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Welcome to the Stojdl Lab Blog!


We blog about science from our own lab, and labs around the world!

By stojdllab, Jul 7 2015 07:19PM

A leading Ontario cancer researcher, Professor David Stojdl, has received $200,000 in funding from the BioCanRx network. This funding will support the clinical development of a new virus biotherapy to treat patients with the devastating brain cancer, glioblastoma multiforme (GBM).

Dr. Stojdl's lab, located at the Children's Hospital of Eastern Ontario (CHEO) in Ottawa, has developed a new approach to GBM therapy in collaboration with scientists at McMaster University and the Ottawa Hospital Research Institute. This approach uses cancer-killing "oncolytic" viruses as tools to harness a patient's own immune cells to fight their tumour. This immune activation is critically important, as patients whose tumours are packed with immune cells have a much better prognosis. These viruses have proven extremely safe in the brain and effective at dealing with issues that frustrate current GBM therapies.

Dr. Stojdl's project, funded by BioCanRx, will custom build a single virus designed to activate immune cell populations that are already established at unprecendented levels in the majority of individuals. Almost all GBM patients in Canada will be eligible for this therapy. The virus will also be designed to act as a beacon to guide these activated immune cells to the tumour site.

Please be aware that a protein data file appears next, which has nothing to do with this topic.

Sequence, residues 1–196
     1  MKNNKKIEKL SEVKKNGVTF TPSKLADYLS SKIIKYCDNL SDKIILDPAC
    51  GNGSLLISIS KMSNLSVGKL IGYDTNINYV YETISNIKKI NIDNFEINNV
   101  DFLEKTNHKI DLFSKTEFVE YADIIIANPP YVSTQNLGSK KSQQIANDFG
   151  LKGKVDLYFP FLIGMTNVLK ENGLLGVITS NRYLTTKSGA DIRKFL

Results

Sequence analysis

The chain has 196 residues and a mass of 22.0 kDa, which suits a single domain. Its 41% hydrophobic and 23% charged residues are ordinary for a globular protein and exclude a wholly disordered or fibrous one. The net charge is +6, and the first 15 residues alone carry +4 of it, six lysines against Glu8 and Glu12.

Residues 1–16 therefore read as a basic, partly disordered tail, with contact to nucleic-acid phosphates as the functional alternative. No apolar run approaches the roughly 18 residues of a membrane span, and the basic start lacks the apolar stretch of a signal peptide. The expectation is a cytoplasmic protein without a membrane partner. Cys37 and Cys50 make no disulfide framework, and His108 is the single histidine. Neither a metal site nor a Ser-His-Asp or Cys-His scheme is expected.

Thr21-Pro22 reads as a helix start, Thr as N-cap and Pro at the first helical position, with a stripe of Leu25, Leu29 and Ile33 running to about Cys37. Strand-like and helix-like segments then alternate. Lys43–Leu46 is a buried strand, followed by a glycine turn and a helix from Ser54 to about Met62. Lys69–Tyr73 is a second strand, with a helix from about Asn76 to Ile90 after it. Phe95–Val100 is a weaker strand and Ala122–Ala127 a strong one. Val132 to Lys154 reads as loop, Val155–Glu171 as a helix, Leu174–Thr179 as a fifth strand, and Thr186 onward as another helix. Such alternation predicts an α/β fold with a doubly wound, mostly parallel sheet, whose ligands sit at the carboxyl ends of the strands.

The BioCanRx program was established as a new Networks of Centres of Excellence (NCE) in December 2014, and is funded by the Government of Canada, and several industrial and charitable partners. BioCanRx is designed to incubate the top Canadian research in biotherapeutics, including virus-, antibody- and immune cell-based therapies, and is structured to ensure that the very best ideas funnel up through conception to testing to clinical trials in patients.

You can find out more about the Stojdl lab on Twitter, Facebook, Tumblr and YouTube.

By stojdllab, Jan 19 2015 07:23PM

Scientists took soil samples every 50m across the 3.4km2 of Central Park, and analysed the number and type of microbes lurking in the dirt, including bacteria, archaea and eukaryotes.